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For two dimensional rotation of $x$ and $y$ axes anticlockwise by $\varphi$, the equation that transforms $P(x,y) \rightarrow P(x',y')$, $x'=x \cos(\varphi)+y \sin(\varphi)$ and $y'=y \cos(\varphi)- x \sin(\varphi)$ are nice enough, but when I tried to do this for $\varphi$ and $\theta$ in three dimensions (that is, another iteration of the same thing) the result was horribly ugly.

So, starting and ending with a Cartesian point, what's the most elegant way of stating the ending co-ordinates as a function of the starting co-ordinates and other things, like the angle of rotation about various axes?

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Try using a rotation matrix with a moustache. –  Pedro Tamaroff Dec 6 '12 at 22:52
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If you know the rotation axis and angle, I would consider Rodrigues' rotation formula.

$$v' = v \cos \theta + (k \times v) \sin \theta + (1-\cos \theta) (k \cdot v) k$$

where $k$ is the unit vector along the axis of rotation and $\theta$ is the angle of rotation. $v$ is the original vector, and $v'$ is the rotated vector. You can then work out the components of $v'$ in terms of components of $v$ and $k$.

If you don't know the overall axis and angle of rotation (for example, because you're performing multiple rotations along several different axes), you may be forced to multiply rotation matrices and/or quaternions. Quaternions are particularly easy to convert back and forth with axis-angle representation (and they have the benefit of being able to chain rotations through multiplication, like with rotation matrices), but they're somewhat more involved to work with. Very useful, though, if you have the time and inclination to work with them.

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$\theta$ is clockwise if $k$ goes into the page? –  Alyosha Dec 7 '12 at 12:10
    
Yeah, clockwise for into the page, counterclockwise for out of the page. Let's check that: set $\theta=\pi/2$, $v=\hat x$ and $k = \hat z$. The result is $\hat y$, as you'd expect for a 90-degree counterclockwise rotation. –  Muphrid Dec 7 '12 at 15:58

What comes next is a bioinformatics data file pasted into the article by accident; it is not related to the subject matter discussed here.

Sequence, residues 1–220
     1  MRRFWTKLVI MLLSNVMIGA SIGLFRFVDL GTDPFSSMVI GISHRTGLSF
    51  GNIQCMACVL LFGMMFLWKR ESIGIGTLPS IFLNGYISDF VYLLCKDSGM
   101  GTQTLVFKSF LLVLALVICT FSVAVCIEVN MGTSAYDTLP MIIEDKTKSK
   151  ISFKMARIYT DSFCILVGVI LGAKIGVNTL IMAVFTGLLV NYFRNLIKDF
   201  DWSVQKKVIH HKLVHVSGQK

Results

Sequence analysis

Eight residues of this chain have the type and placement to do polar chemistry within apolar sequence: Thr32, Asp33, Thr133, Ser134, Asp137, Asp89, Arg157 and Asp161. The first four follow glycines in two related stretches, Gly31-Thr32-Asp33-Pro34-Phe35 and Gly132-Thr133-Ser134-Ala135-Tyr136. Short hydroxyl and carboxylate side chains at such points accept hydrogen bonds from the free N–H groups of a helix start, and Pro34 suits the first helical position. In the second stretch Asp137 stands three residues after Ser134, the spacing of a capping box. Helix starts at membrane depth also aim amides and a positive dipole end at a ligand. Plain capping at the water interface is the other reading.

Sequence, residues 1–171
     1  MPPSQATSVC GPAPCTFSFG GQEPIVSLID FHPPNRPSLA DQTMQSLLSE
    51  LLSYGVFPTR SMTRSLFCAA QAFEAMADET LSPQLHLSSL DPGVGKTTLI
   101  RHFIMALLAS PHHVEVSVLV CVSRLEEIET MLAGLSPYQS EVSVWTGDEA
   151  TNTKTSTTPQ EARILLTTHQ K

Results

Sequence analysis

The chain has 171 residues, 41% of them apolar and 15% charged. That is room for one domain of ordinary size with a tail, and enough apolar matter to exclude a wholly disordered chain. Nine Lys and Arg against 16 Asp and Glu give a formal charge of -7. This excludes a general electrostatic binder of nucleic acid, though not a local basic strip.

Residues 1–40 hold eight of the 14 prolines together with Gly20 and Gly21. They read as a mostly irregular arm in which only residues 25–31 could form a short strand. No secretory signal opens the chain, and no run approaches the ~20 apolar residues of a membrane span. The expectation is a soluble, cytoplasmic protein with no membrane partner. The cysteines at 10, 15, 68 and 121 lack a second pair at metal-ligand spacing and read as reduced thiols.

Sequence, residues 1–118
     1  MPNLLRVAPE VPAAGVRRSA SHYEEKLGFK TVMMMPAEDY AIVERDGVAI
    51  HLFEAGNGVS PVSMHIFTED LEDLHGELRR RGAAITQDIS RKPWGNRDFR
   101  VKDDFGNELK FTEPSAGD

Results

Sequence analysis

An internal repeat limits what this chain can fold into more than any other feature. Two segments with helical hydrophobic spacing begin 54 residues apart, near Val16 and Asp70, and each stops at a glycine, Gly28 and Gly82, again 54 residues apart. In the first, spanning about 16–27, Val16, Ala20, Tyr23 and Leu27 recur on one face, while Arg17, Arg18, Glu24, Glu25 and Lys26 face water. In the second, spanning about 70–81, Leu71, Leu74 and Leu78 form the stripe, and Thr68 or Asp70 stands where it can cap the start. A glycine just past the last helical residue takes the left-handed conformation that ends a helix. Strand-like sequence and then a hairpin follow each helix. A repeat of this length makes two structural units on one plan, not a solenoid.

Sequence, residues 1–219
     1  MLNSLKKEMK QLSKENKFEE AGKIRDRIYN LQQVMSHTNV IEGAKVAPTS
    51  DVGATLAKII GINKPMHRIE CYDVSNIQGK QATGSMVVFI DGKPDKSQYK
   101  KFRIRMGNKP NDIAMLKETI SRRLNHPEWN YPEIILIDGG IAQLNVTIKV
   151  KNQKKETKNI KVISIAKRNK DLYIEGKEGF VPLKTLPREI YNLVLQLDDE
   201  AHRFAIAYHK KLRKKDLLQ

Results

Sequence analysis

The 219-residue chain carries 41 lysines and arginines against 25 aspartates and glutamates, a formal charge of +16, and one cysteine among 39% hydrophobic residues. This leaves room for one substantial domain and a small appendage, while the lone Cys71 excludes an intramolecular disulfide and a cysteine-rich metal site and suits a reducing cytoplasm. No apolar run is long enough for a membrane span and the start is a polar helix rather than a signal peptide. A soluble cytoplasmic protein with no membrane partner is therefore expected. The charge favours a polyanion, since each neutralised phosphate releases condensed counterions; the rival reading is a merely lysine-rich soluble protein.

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Use a 3 by 3 matrix.

Start by identifying the axis of rotation in spherical coordinates. It helps to make it unit length: $$[\vec{u}_3]_{\text{std}}=\begin{bmatrix}\cos\theta\cos\phi\\\sin\theta\cos\phi\\\sin\phi\end{bmatrix}$$ Extend to an orthonormal basis for $\Bbb{R}^3$. One option is $$\mathcal{B}=\left\{\begin{bmatrix}\sin\theta\\-\cos\theta\\0\end{bmatrix},\begin{bmatrix}\cos\theta\sin\phi\\\sin\theta\sin\phi\\-\cos\phi\end{bmatrix},\begin{bmatrix}\cos\theta\cos\phi\\\sin\theta\cos\phi\\\sin\phi\end{bmatrix}\right\}$$ So the matrix $$P=\begin{bmatrix}\sin\theta&\cos\theta\sin\phi&\cos\theta\cos\phi\\-\cos\theta&\sin\theta\sin\phi&\sin\theta\cos\phi\\0&-\cos\phi&\sin\phi\end{bmatrix}$$ is a change of basis matrix from $\mathcal{B}$ to the standard basis. Note that $P^{-1}=P^T$, since the columns are orthonormal.

Now if you want to rotate around this axis by angle $\psi$ (oriented by the right-hand rule) we can first construct $$R=\begin{bmatrix}\cos\psi&-\sin\psi&0\\\sin\psi&\cos\psi&0\\0&0&1\end{bmatrix}$$ which rotates by angle $\psi$ around the third vector in any given basis. The matrix that accomplishes your rotation is $M=PRP^T$. That is, for any $\vec{v}$ expressed as a column vector using standard coordinates, and letting $\vec{w}$ represent the rotated vector: $$\begin{align} M[\vec{v}]_{\text{std}}&=PRP^T[\vec{v}]_{\text{std}}\\ &=PR[\vec{v}]_{\mathcal{B}}\\ &=P[\vec{w}]_{\mathcal{B}}\\ &=[\vec{w}]_{\text{std}}\\ \end{align}$$

I wouldn't actually multiply out $PRP^T$; doing so would only obscure the linear algebra theory that went in to finding $M$. (Of course if you are in the position of having to rotate many vectors by this same angle around this same axis, then for computational efficiency sake it makes sense to multiply them out.)

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